Main article: German occupation of Czechoslovakia
Hitler ordered the German Army to enter Prague on 15 March 1939 and from Prague Castle proclaimed Bohemia and Moravia a German protectorate. For most of its history Prague had been a multiethnic city with important Czech, German and (mostly Czech- and/or German-speaking) Jewish populations. From 1939, when the country was occupied by Nazi Germany, and during World War II, most Jews fled the city.

In 1942, Prague was witness to the assassination of one of the most powerful men in Nazi Germany - Reinhard Heydrich (during Operation Anthropoid). Hitler ordered bloody reprisals. At the end of the war Prague suffered several bombing raids by the USAAF. Over 1,000 people were killed and hundreds of buildings, factories and historical landmarks were destroyed (however the damage was small compared to the total destruction of many other cities in that time). Once the outcome of the war was decided and it was known that Germany would surrender to the Allies, the Prague uprising against the Nazi occupants occurred on 5 May 1945 two days before Germany capitulated, on 7 May. Four days later the Red Army entered the city. The majority of the German population either fled or was expelled by the Beneš decrees in the aftermath of the war.

Cold War
Main article: History of Czechoslovakia (1948-1968)
Mostecká Street packed with tourists in the afternoon.Prague was a city in the territory of military and political control of the Soviet Union (see Iron Curtain). The 4th Czechoslovakian Writers' Congress held in the city in 1967 took a strong position against the regime. This spurred the new secretary of the Communist Party, Alexander Dubček to proclaim a new deal in his city's and country's life, starting the short-lived season of the "socialism with a human face". It was the "Prague Spring", which aimed at the renovation of institutions in a democratic way. The Soviet Union and its allies reacted with the invasion of Czechoslovakia and the capital on August 21, 1968 by tanks, suppressing any attempt at work.

Era after the Velvet Revolution
In 1989, after the riot police beat back a peaceful student demonstration, the Velvet Revolution crowded the streets of Prague and the Czechoslovak capital benefited greatly from the new mood. In 1993, after the split of Czechoslovakia, Prague became the capital city of the new Czech Republic. In the late 1990s Prague again became an important cultural centre of Europe and was notably influenced by globalisation. In 2000 anti-globalisation protests in Prague (some 15,000 protesters) turned violent during the IMF and World Bank summits. In 2002 Prague suffered from widespread floods that damaged buildings and also its underground transport system. Prague launched a bid for the 2016 Summer Olympics,[18] but failed to make the candidate city shortlist. Due to low political support, Prague's officials chose in June 2009 to cancel the city's planned bid for 2020 Summer Olympics as well.[19]

Main sights
An accordion busker practicing his trade on Charles Bridge. 
The Astronomical Clock. 
Milunić and Gehry's Dancing House. 
Powder Tower 
Prague ViewSince the fall of the Iron Curtain, Prague has become one of Europe's (and the world's) most popular tourist destinations. It is the sixth most-visited European city after London, Paris, Rome, Madrid and Berlin.[20] Prague suffered considerably less damage during World War II than some other major cities in the region, allowing most of its historic architecture to stay true to form. It contains one of the world's most pristine and varied collections of architecture, from Art Nouveau to Baroque, Renaissance, Cubist, Gothic, Neo-Classical and ultra-modern. Some popular sights include:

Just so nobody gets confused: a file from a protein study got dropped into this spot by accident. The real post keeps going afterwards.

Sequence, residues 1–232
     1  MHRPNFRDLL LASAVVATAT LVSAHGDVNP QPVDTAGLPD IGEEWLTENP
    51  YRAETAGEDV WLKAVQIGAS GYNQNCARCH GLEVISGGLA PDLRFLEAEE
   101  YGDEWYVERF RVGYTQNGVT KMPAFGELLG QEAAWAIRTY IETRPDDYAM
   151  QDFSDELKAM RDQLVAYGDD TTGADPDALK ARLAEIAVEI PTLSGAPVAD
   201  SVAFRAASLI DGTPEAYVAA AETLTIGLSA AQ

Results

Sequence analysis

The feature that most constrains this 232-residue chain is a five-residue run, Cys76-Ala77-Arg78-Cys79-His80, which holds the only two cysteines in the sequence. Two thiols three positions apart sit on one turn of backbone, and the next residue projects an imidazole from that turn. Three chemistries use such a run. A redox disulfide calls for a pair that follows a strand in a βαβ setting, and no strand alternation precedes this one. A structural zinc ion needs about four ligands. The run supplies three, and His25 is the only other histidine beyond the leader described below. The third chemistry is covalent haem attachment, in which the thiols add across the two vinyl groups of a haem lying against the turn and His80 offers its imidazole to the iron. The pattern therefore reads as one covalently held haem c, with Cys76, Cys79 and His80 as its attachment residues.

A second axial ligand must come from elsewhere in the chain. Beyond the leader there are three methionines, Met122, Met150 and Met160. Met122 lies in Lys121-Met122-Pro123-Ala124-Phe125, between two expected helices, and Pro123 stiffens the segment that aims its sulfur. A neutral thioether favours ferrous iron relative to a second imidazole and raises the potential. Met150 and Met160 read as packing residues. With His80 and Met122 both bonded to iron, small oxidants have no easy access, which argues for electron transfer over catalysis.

Old Town (Staré Město) with its Old Town Square
The Astronomical Clock (Orloj) on Old Town Square
The picturesque Charles Bridge (Karlův Most)
The vaulted Gothic Old New Synagogue (Staronová Synagoga) of 1270.
New Town (Nové město) with its busy and historic Wenceslas Square
Malá Strana (Lesser Quarter) with its Infant Jesus of Prague
Prague Castle (Pražský hrad - the largest castle in the world) with its St. Vitus Cathedral
Josefov (the old Jewish quarter) with Old Jewish Cemetery and Old New Synagogue
Jan Žižka equestrian statue in Vítkov Park, Žižkov - Prague 3.
The Lennon Wall
Vinohrady, a sightly quarter in the centre
Museum of Decorative Arts in Prague - huge collections of glass, furniture, textile, toys, Art Nouveau, Cubism, Art Deco and so on.
The museum of the Heydrich assassination in the crypt of the Church of Saints Cyril and Methodius
National Museum
Vyšehrad Castle & Cemetery where many famous Czechs are buried including the composers Antonín Dvořák & Bedřich Smetana.
Písek Gate, last preserved city gate of Baroque fortification
Petřínská rozhledna, an observation tower on Petřín Hill, which resembles the Eiffel Tower
Anděl. Probably the busiest part of the city with a super modern shopping mall and architecture
Žižkov Television Tower (Žižkovský vysílač) with observation deck - Prague 3.
The New Jewish Cemetery in Olšany, location of Franz Kafka's grave - Prague 3.
The Metronome, a giant, functional metronome that looms over the city
The Dancing House (Fred and Ginger Building)
The Mucha Museum, showcasing the Art Nouveau works of Alfons Mucha
The vast cemeteries that are also used for walks by the locals, such as Olšany Cemetery
Places connected to writers living in the city, such as Franz Kafka (One popular destination is the Franz Kafka Museum, also his grave at the New Jewish cemetery near the metro station Želivského)
The Prague Zoo elected as the 7th best zoo in the world by Forbes magazine